Christmas traditions you never knew about
First off, Christmas is not a religiously observed festival in Japan, nor is 25th December a national holiday. But thanks to a wildly popular advertising campaign during the 1970s, Christmas dinner has become a national institution – at KFC. So popular is the American fast food chain at Christmas that reservations for buckets of fried chicken are taken months in advance. According to the company’s Japanese website, the tradition began over thirty years ago when a western expat, whose hunt for a Christmas turkey had ended fruitless, saw KFC as providing the next best alternative. The store manger got wind of this, and upon informing his bosses, the “Kurisumasu ni wa kentakkii!” (Kentucky for Christmas!) advertising campaign was born. The country has never looked back – and nor has Colonel Sanders, who is now Japan’s de facto Santa Claus.
Despite its geographical distance from Europe, Christmas traditions brought to South Africa during the country’s colonial era have always retained their importance. On the whole, it’s a pretty similar affair to Christmas anywhere in Europe (except that it happens in the middle of summer, of course); though there is one especially creepy Christmas legend: that of the little boy Danny who was brutally murdered by his own grandmother for eating all the Christmas cookies before Santa Claus arrived. The idea is that in telling kids the story, they’ll be put off being greedy, thus creating a festive atmosphere of loving and sharing that cannot fail to flourish…
Christmas in Mexico has, in many ways, become a fully Americanised affair with turkey on the dinner table, an ice rink dominating Mexico City’s main square and pine trees for sale flooding into local markets. The mariachis on the street even play carols these days.
But despite the invasive cultural influence from Mexico’s Christmas-crazy northern neighbour, a few genuinely Mexican festive customs persist. Nine days before Christmas, every town holds a posada procession with blindfolded piñata bashing and on 6th January the Three Kings arrive on horseback to dish out presents to the town’s younger residents. In Oaxaca, there’s the annual radish carving competition on 23rd December where residents vie to create the most impressive vegetable sculptures, including miniature cathedrals and mythological battle scenes. The winner’s grand prize? A prime spot in the local paper.
One of the more controversial, and to many outsiders, very odd, European traditions is that of Holland’s ‘Zwarte Piet’ (Black Pete). Sinterklaas (Saint Nicholas) is accompanied by a team of little servants (all of whom, somewhat questionably, are black) who are tasked with distributing sweets to good children. As legend has it, those who have been naughty are kidnapped by the Zwarte Piets, thrown into sacks and taken to Sinterklaas’ home in Spain. The story is still re-enacted all over the country with men literally blacking up their faces and donning afro wigs to accompany Saint Nicholas in giving out gifts and sweets to local children.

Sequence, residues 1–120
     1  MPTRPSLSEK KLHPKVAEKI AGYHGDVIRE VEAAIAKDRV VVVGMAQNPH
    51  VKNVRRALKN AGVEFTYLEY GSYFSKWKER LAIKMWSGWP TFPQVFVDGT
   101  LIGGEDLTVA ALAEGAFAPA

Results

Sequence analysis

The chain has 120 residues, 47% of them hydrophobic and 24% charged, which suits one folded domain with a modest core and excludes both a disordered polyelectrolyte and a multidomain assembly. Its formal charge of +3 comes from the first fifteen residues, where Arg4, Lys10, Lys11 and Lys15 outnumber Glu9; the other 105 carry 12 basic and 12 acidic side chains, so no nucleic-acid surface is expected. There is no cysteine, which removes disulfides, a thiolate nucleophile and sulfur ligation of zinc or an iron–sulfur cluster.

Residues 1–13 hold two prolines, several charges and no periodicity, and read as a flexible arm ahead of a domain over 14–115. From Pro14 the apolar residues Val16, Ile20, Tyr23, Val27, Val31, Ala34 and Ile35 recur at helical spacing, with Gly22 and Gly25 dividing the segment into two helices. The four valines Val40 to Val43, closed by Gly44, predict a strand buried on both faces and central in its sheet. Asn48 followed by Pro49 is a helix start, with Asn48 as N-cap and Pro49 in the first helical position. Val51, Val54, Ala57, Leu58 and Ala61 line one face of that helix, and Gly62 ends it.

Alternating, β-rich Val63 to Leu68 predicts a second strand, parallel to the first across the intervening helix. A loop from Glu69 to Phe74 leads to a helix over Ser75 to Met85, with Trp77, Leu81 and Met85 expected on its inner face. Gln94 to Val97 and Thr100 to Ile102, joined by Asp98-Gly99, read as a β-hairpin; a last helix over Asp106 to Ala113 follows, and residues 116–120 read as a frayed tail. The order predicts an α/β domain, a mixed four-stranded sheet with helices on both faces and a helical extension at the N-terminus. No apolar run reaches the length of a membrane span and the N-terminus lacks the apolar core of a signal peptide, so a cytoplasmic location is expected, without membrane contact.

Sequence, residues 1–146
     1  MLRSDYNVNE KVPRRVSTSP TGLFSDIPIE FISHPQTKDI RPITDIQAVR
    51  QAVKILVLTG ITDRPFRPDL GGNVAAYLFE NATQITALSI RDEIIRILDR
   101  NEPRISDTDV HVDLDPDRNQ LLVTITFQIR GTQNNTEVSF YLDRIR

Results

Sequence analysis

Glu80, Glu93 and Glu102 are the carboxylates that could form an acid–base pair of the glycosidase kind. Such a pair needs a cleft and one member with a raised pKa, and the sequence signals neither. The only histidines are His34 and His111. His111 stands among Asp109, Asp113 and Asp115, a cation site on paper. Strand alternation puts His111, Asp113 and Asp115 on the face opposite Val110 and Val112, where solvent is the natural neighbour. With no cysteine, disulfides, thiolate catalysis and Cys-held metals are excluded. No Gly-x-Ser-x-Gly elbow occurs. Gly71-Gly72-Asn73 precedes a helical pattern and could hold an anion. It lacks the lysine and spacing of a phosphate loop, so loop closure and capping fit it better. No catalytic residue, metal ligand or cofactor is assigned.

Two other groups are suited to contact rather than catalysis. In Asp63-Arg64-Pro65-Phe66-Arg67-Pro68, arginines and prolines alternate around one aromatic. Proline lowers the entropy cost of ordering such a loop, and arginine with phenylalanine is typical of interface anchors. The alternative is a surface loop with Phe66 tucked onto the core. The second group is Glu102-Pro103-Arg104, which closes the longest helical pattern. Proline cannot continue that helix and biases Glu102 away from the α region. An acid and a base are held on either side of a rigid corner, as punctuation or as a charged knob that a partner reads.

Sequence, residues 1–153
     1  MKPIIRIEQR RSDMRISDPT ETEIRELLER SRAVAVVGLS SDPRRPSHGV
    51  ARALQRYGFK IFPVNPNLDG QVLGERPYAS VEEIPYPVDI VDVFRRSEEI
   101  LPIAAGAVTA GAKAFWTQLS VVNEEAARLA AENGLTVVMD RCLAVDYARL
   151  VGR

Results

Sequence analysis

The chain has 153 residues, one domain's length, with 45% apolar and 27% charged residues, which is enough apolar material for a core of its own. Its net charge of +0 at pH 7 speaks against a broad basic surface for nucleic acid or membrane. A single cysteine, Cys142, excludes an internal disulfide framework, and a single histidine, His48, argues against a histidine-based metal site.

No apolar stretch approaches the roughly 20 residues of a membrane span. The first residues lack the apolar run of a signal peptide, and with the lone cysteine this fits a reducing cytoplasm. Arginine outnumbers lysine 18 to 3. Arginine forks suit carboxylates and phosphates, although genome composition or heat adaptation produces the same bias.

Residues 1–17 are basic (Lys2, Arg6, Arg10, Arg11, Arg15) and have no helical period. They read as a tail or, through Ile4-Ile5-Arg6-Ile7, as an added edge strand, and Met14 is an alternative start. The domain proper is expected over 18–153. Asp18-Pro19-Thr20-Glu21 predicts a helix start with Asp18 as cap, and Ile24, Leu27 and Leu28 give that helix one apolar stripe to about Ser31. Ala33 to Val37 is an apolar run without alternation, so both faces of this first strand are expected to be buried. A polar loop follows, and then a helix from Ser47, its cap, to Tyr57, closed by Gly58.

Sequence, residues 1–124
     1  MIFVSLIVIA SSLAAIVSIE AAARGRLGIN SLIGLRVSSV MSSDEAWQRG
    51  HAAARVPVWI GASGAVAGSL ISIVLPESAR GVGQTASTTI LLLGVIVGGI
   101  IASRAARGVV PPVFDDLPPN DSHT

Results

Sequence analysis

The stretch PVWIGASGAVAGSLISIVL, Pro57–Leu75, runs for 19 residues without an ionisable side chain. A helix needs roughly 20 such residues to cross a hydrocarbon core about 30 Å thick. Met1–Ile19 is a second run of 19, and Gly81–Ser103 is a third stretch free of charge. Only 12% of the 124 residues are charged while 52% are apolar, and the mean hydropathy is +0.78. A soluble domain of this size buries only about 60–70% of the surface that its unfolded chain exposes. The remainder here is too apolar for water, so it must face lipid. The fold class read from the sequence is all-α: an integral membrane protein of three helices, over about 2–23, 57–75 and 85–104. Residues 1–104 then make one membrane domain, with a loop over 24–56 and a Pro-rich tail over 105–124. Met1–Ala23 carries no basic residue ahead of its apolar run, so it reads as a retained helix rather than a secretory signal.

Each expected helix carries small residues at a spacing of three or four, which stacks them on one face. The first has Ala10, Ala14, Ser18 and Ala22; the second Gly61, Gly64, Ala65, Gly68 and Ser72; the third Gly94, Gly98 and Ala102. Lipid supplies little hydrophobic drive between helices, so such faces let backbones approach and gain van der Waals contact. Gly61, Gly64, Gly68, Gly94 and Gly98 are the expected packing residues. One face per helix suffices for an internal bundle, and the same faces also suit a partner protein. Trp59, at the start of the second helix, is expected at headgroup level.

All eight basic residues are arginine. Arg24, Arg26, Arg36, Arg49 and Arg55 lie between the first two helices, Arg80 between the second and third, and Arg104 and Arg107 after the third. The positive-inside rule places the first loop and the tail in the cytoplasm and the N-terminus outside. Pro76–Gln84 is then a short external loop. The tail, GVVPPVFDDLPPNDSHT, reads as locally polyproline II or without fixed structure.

The tradition has drawn increasing criticism in recent years, both in the Netherlands and abroad, for its racist connotations (it was first created when Holland was still very much involved in the slave trade), but remains steadfastly popular among the general Dutch populace.
The yule goat (Julbocken) is ubiquitous during the festive season in Sweden: little straw ornaments hang from Christmas trees in every Swede’s home, while giant versions stand proudly in the centres of towns and cities all over the country. It’s popularly seen as having historical pagan associations – the Norse god Thor’s flying chariot was drawn by two goats which are thought by many to be the origin of the tradition.
The history of one town’s giant goat took a slightly more anarchic turn during the 1960s in the small city of Gävle, where for over forty years now the goat has been burned down by vandals almost every year. Though for many, the burning of the goat has become a kind of tradition in its own right, the local authorities take a rather different view of the matter.
Only a handful of the goat’s arsonists have ever been caught, and those remaining are a particularly dedicated bunch. In an attempt to clamp down, the local council recently posted 24-hour security guards in the goat’s vicinity. One especially frigid night, the guards nipped into a nearby bar for a quick winter warmer – before they’d even taken a sip, the goat was in flames. This year, the council has rather intelligently flameproofed the straw used to build the goat. It remains to be seen whether Gävle’s pyromaniac community will finally be defeated.
Do you live in these countries? Tell us what you do for Christmas in the comments below!
CC images courtesy of CC Stéfan via Flikr and Tony Nordin via Wikimedia Commons